In previous studies on leishmaniasis, glomerular function has been estimated by serum creatinine and urea levels.811 These reports have shown varying results and have mostly been based on case studies. Creatinine and urea levels are both confounded by several unrelated factors, which seriously may hamper the detection of any reduction in glomerular filtration. It is well documented that serum creatinine levels are dependent on muscle mass, and therefore, very different levels are found in men and women, but also in children. In addition, many of the subjects with VL were in poor condition, some with extensive muscle wasting, which would give rise to false-negative creatinine levels. The estimation of glomerular filtration by means of urea is even more complicated, because urea, among other things, is dependent on diet and diuresis.27 With the introduction of cystatin C, an accurate and sensitive means of the estimation of GFR has become available, which is unaffected by all the factors influencing creatinine and urea levels.1922 Until now, only GFR has been shown to determine the circulating levels of cystatin C. Therefore, our findings of highly raised levels of cystatin C in the acute form of VL very clearly indicate that glomerular filtration is generally impaired in this condition as opposed to the patients with sub-acute VL and as opposed to those having PKDL.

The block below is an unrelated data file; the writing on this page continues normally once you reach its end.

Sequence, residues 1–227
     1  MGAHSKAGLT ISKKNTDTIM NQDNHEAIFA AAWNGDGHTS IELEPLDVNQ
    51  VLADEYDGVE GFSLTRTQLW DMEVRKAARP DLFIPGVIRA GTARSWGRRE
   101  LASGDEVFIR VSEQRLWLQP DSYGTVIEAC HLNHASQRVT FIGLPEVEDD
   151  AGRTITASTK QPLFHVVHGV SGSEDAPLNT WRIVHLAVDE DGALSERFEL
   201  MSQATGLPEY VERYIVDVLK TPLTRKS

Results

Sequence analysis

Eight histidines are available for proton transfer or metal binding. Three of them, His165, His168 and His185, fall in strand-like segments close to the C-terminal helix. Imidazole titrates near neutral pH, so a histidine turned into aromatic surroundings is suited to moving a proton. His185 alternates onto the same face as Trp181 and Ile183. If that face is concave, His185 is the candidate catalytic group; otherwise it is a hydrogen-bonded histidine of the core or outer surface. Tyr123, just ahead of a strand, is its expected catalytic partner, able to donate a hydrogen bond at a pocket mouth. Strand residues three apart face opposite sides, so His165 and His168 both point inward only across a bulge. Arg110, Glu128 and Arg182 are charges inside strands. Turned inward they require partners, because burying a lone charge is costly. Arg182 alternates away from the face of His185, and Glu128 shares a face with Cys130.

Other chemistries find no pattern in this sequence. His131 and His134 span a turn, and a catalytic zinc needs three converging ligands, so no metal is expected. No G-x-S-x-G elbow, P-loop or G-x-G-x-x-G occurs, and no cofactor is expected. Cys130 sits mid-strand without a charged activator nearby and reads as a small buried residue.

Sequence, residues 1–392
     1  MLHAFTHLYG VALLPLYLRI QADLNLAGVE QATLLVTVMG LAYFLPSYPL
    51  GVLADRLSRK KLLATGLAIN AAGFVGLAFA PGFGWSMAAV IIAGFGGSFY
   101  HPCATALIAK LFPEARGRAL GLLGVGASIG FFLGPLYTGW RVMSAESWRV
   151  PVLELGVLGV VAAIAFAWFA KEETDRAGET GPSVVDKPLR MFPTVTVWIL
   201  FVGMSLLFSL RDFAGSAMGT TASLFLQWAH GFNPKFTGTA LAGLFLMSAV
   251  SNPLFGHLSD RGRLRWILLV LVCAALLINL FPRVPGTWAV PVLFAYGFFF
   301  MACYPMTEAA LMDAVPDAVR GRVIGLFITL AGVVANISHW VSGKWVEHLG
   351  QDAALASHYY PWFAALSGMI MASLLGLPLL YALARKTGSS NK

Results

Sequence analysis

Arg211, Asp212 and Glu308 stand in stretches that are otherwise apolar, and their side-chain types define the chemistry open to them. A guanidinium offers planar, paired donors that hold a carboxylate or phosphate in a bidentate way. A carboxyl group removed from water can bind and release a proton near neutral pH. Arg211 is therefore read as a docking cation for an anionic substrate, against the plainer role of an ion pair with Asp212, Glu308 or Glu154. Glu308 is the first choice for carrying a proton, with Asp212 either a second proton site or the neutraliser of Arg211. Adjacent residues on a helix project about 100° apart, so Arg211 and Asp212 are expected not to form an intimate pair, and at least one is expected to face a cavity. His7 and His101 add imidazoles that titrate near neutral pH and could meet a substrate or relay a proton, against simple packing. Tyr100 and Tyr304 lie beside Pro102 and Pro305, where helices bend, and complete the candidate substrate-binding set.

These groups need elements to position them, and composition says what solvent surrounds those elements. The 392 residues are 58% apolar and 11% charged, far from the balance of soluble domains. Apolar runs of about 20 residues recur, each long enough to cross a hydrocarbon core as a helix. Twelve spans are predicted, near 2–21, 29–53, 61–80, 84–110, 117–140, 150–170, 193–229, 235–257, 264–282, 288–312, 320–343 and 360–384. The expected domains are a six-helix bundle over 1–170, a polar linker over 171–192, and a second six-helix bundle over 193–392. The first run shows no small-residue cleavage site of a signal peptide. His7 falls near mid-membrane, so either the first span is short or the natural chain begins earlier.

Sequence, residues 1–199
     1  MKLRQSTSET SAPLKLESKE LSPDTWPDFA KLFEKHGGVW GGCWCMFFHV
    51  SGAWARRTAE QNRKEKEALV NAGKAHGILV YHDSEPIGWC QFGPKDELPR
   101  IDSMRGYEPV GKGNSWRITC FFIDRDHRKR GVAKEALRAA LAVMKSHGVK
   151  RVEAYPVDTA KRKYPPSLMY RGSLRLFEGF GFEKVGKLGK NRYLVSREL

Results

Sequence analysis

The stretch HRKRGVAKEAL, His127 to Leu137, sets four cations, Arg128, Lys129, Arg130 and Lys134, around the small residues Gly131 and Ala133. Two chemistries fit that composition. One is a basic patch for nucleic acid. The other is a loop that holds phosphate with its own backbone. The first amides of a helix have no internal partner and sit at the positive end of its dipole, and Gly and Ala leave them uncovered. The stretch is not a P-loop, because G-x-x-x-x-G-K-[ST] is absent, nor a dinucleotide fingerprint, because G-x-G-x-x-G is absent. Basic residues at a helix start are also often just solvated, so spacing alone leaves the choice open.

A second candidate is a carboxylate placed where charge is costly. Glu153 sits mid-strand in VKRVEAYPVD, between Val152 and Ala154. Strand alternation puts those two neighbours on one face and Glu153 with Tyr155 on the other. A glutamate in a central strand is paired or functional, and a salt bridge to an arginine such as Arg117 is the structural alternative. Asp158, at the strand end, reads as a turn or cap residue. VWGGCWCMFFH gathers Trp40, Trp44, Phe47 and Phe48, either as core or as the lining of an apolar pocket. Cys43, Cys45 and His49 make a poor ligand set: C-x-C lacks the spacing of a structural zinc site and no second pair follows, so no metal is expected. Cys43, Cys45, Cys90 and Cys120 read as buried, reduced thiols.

In this study, we also measured several other biochemical markers to evaluate other organ involvements in leishmaniasis. ALT and γ-GT are both fairly specific markers of liver function, and the finding of raised levels of both these enzymes in VL indicates liver involvement, which was expected based on previous reports and based on the clinical findings with hepatosplenomegaly in many cases.26 However, the ALT levels were similar in acute and sub-acute disease in contrast to γ-GT and bilirubin, which indicate that liver disease is less of a destruction of the liver cells and more of a swelling and obstructive disease. The raised levels of AST in VL could have the same explanation, but could also be of muscle origin. Lactate dehydrogenase is found in the cytoplasm of all cells of the body, and the high levels in VL could have multiple origins, such as liver, muscle, and red blood cells. In children with PKDL, the only sign of liver involvement was slightly raised ALT and AST, whereas the other biochemical markers were unaltered or even lower than the controls. However, as mentioned above, we lack in this study an age-matched control group, which hampers the interpretation of this data.